CHAPTER I THE HERO OF THE LONG TRAIL St. Paul
(Dates, b. A.D. 6, d. A.D. 67)
The Three Comrades.
The purple shadows of three men moved ahead of them on the tawny stones of the Roman road on the high plateau of Asia Minor one bright, fresh morning. They had just come out under the arched gateway through the thick walls of the Roman city of Antioch-in-Pisidia. The great aqueduct of stone that brought the water to the city from the mountains on their right looked like a string of giant camels turned to stone.
Of the three men, one was little more than a boy. He had the oval face of his Greek father and the glossy dark hair of his Jewish mother. The older men, whose long tunics were caught up under their girdles to give their legs free play in walking, were brown, grizzled, sturdy travellers. They had walked a hundred leagues together from the hot plains of Syria, through the snow-swept passes of the Taurus mountains, and over the sun-scorched levels of the high plateau. Their muscles were as tireless as whipcord. Their courage had not quailed before robber or blizzard, the night yells of the hyena or the stones of angry mobs.
For the youth this was his first adventure out into the glorious, unknown world. He was on the open road with the glow of the sun on his cheek and the sting of the breeze in his face; a strong staff in his hand; with his wallet stuffed with food—cheese, olives, and some flat slabs of bread; and by his side his own great hero, Paul. Their sandals rang on the stone pavement of the road which ran straight as a strung bowline from the city, Antioch-in-Pisidia, away to the west. The boy carried over his shoulder the cloak of Paul, and carried that cloak as though it had been the royal purple garment of the Roman Emperor himself instead of the worn, faded, travel-stained cloak of a wandering tent-maker.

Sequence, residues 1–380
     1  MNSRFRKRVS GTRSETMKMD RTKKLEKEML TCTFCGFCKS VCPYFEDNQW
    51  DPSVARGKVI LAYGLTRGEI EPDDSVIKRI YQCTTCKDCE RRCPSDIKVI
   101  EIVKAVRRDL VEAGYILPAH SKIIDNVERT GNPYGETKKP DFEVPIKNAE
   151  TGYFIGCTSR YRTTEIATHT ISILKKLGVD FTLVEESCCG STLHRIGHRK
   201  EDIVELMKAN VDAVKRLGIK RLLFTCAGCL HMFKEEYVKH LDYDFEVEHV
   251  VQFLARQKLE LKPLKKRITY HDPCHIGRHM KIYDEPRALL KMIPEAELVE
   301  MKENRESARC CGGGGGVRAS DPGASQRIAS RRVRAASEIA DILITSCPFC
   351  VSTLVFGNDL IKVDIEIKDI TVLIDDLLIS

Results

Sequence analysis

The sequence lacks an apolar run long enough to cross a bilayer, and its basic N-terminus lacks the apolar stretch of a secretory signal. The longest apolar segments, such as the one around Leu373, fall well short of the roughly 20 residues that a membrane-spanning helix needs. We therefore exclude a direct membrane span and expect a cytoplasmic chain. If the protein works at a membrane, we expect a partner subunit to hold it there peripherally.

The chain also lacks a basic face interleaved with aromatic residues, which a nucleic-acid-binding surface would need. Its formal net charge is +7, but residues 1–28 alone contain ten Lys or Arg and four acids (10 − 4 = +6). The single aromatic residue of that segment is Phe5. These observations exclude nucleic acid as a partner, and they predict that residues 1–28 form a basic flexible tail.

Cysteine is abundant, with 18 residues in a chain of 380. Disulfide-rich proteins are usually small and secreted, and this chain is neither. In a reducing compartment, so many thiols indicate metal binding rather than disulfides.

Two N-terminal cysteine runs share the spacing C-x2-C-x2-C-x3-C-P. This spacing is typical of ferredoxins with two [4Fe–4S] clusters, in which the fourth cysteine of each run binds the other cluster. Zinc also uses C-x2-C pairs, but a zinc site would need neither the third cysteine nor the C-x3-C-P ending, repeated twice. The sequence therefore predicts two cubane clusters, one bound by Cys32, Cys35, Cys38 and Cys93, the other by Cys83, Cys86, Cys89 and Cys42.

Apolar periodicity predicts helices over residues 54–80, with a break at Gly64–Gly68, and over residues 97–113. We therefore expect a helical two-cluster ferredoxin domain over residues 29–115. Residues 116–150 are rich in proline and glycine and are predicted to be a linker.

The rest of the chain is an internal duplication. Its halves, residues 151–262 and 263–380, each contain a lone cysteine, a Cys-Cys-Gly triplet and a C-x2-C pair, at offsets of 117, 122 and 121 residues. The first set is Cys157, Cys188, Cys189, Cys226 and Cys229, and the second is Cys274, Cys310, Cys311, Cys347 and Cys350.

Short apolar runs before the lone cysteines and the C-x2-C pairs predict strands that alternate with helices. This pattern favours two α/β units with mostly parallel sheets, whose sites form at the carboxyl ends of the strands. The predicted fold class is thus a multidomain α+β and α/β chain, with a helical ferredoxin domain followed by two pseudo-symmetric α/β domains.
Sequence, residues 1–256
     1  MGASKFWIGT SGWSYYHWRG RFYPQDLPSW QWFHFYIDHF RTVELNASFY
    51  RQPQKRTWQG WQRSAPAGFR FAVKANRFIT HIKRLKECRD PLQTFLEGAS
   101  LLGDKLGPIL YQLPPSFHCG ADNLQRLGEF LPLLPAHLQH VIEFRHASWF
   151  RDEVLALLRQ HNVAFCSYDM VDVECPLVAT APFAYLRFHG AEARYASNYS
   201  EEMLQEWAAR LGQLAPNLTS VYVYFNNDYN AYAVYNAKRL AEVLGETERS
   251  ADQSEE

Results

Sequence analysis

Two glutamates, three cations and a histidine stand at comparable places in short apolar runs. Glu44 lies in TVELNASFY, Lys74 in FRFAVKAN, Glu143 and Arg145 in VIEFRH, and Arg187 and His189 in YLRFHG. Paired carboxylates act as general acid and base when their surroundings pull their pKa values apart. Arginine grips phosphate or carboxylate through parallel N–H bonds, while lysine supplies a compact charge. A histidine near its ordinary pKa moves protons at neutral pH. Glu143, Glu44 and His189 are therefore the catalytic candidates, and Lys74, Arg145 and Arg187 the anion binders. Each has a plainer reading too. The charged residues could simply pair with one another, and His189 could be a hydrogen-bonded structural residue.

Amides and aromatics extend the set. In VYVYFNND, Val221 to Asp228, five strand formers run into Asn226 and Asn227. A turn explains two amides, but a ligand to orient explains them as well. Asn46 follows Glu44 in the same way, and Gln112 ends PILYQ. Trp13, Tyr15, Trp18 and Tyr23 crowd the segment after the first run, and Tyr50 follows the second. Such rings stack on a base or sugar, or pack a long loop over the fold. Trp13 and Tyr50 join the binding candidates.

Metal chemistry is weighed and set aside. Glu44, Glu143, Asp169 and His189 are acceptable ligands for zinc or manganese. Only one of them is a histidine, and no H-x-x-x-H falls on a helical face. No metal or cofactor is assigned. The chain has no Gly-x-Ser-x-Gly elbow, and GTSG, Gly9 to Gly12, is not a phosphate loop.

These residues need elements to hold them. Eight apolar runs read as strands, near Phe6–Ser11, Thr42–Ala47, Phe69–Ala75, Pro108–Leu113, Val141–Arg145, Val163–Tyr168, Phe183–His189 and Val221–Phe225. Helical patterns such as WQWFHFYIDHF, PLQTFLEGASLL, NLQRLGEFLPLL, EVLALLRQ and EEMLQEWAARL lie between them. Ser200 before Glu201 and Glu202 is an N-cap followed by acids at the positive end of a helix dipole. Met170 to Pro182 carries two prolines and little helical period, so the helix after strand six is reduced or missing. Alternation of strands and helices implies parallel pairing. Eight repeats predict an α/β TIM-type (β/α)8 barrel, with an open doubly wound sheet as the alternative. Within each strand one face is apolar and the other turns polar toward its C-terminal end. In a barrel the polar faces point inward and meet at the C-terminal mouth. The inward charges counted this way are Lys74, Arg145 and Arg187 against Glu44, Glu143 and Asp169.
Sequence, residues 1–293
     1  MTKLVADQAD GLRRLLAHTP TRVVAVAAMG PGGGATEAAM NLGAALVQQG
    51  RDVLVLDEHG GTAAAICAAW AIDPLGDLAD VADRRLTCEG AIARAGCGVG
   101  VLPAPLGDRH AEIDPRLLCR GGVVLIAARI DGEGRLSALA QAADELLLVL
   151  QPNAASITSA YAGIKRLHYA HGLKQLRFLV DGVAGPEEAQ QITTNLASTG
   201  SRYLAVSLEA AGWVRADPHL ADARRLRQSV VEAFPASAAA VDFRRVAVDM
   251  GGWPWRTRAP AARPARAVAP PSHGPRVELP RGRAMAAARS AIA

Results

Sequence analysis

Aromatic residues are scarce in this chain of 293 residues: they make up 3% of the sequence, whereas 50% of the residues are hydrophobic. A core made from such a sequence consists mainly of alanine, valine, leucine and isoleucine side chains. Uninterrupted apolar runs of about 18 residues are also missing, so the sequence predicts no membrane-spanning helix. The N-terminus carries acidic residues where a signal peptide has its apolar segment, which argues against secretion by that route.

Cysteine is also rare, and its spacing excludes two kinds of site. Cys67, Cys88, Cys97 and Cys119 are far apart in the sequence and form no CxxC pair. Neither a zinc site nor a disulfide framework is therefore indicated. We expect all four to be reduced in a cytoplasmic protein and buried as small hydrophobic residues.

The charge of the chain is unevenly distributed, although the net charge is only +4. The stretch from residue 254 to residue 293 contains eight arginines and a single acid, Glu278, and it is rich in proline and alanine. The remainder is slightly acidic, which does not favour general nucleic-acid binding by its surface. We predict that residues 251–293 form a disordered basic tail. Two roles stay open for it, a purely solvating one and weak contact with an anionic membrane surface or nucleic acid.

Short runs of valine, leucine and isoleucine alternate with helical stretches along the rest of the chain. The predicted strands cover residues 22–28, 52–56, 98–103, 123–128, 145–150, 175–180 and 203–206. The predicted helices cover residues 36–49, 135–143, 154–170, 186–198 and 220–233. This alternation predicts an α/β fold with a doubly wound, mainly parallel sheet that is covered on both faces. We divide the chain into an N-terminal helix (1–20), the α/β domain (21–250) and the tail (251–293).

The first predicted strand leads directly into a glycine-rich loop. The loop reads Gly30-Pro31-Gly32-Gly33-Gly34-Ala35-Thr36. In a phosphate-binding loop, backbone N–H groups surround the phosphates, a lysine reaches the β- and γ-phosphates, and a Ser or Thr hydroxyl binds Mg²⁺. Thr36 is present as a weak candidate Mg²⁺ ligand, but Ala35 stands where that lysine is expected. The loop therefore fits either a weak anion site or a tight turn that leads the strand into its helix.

The two older men, whose names were Paul the Tarsian and Silas, had trudged six hundred miles. Their younger companion, whose name was "Fear God," or Timothy as we say, with his Greek fondness for perfect athletic fitness of the body, proudly felt the taut, wiry muscles working under his skin.
On they walked for day after day, from dawn when the sun rose behind them to the hour when the sun glowed over the hills in their faces. They turned northwest and at last dropped down from the highlands of this plateau of Asia Minor, through a long broad valley, until they looked down across the Plain of Troy to the bluest sea in the world.
Timothy's eyes opened with astonishment as he looked down on such a city as he had never seen—the great Roman seaport of Troy. The marble Stadium, where the chariots raced and the gladiators fought, gleamed in the afternoon light.
The three companions could not stop long to gaze. They swung easily down the hill-sides and across the plain into Troy, where they took lodgings.
They had not been in Troy long when they met a doctor named Luke. We do not know whether one of them was ill and the doctor helped him; we do not know whether Doctor Luke (who was a Greek) worshipped, when he met them, Æsculapius, the god of healing of the Greek people....